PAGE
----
When ICA LA senior curator Amanda Sroka, of “I Won’t Let You Down,” visited Argote’s home studio for the first time, she said she “saw a work that was so immediately connected to what it means “Being human, with all of its messiness, discomfort, shame, fantasy, healing and play.”
“It’s interesting to see Carmen here every day, playing with the social contract of the museum experience,” she adds. “Normally you would expect to look at a piece of art, read the wall label and decide to either continue to engage or walk away, but in this case the presence of the artist changes that.”
Other works in this exhibition, all created in recent years, include selections from her “Gynecological Fantasy,” a series of bold, sparse line drawings of figures, together and alone, with limbs and torsos intertwined, applied thickly, coagulated oak gall ink, usually monochrome, on plain paper or linen; “Urine Cards,” abstract drawings of chaotic materials, including the artist’s material and iron, mixed together on yellowed paper; the “Protector” series with floating little characters. These are drawn using a medium that combines “gross but beautiful” overripe figs she found scattered on sidewalks, then pressed with colored pencil, iron powder and salt. Strawberry syrup and gessoed banana peel offer a bright, sticky-sweet contrast in some shades.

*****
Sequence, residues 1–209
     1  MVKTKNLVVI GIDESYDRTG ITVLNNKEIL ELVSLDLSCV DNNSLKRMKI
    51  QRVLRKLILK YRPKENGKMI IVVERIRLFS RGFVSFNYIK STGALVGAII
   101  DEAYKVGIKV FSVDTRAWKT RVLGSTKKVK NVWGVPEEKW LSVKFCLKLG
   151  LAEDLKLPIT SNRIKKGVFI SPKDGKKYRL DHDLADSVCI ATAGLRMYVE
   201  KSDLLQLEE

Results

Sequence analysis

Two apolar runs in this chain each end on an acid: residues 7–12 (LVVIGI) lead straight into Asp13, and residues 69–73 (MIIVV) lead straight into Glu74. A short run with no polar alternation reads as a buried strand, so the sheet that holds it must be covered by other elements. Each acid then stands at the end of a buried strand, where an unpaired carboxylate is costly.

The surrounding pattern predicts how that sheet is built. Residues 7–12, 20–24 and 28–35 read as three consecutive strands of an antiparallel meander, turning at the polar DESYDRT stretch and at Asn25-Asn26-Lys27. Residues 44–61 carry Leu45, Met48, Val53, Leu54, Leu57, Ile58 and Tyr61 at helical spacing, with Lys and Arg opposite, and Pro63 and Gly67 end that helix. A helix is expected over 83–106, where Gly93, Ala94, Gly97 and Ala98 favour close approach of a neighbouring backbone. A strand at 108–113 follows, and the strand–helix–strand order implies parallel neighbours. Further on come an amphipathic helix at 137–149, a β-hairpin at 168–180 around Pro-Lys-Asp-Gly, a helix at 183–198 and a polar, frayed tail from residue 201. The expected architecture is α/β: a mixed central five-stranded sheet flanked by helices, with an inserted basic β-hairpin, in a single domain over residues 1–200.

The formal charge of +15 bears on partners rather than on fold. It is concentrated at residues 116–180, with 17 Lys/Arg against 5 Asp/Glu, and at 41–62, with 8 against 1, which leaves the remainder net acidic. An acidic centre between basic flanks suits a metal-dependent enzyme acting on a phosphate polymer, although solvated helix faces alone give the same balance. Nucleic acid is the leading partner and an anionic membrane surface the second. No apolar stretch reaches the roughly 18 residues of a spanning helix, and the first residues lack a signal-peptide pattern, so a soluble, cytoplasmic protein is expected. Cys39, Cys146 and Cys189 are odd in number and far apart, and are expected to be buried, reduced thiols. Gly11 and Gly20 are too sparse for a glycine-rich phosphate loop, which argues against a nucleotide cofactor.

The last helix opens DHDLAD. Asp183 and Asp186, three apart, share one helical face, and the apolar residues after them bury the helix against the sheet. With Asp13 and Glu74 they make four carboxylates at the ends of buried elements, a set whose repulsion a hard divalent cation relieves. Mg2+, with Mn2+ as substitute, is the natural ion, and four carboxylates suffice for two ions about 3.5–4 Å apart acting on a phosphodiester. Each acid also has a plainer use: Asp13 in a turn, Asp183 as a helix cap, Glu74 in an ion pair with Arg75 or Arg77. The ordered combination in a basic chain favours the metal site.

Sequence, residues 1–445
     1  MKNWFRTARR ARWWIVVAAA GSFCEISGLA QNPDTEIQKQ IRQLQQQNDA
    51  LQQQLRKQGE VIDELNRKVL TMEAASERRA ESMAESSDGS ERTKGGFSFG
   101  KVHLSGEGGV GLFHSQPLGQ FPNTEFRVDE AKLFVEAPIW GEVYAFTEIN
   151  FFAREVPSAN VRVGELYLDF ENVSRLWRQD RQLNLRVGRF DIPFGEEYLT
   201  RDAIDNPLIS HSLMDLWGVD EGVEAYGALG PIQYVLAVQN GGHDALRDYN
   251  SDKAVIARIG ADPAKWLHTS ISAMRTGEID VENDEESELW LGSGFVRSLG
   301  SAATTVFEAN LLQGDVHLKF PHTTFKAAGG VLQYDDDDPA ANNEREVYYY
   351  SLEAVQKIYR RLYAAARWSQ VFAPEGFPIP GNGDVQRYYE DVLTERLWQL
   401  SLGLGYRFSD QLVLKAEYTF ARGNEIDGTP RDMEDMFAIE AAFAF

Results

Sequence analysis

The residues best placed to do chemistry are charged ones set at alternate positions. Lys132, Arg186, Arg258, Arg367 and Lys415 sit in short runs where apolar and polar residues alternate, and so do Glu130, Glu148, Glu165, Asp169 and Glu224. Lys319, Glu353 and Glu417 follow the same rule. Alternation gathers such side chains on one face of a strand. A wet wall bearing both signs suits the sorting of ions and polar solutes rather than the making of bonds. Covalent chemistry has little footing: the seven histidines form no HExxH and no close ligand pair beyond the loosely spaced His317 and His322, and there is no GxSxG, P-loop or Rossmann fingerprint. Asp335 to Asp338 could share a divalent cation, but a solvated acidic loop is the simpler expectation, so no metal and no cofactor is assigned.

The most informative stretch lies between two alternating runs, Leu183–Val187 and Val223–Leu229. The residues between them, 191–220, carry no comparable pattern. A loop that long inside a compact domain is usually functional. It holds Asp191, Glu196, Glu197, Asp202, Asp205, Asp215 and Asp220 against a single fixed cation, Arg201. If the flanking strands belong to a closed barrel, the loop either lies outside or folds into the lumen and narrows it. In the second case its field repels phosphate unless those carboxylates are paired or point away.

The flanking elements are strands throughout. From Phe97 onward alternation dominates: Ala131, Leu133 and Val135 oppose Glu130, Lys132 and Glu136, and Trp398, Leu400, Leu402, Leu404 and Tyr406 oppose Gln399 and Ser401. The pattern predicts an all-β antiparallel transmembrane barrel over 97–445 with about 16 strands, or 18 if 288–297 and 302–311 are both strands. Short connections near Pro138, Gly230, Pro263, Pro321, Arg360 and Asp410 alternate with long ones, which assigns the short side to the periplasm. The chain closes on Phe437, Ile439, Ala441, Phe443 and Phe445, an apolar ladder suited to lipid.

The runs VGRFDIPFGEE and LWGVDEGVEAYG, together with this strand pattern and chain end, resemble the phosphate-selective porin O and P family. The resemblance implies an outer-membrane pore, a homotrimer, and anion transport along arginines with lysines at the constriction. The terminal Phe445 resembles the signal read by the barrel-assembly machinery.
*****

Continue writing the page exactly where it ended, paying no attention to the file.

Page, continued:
For Argote, circling these visual and process-based connections is a form of healing.
“I always made things with my mother, and for the women in my family for generations, making and creating has been a way to hold on to themselves in sometimes really difficult circumstances,” says Argote. “There is a kind of knowledge behind it. It protects our weakness.”
“Carmen Argote: I will not abandon you, I see you, we are safe”
Where: Institute of Contemporary Art, Los Angeles, 1717 E. 7th St.
When: Wednesday 12 p.m. – 6 p.m., Thursday 12 p.m. – 7 p.m., Friday 12 p.m. – 6 p.m., Saturday and Sunday 11 a.m. – 6 p.m. Closed Monday and Tuesday. Until September 10th
The information: (213) 928-0833, email@example.com